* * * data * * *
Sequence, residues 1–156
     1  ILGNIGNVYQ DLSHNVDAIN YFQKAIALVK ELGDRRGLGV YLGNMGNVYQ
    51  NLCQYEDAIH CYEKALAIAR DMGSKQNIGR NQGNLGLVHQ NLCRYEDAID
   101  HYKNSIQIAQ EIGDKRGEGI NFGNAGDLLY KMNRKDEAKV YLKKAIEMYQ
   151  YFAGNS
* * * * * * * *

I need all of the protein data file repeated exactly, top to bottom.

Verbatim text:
Sequence, residues 1–156
     1  ILGNIGNVYQ DLSHNVDAIN YFQKAIALVK ELGDRRGLGV YLGNMGNVYQ
    51  NLCQYEDAIH CYEKALAIAR DMGSKQNIGR NQGNLGLVHQ NLCRYEDAID
   101  HYKNSIQIAQ EIGDKRGEGI NFGNAGDLLY KMNRKDEAKV YLKKAIEMYQ
   151  YFAGNS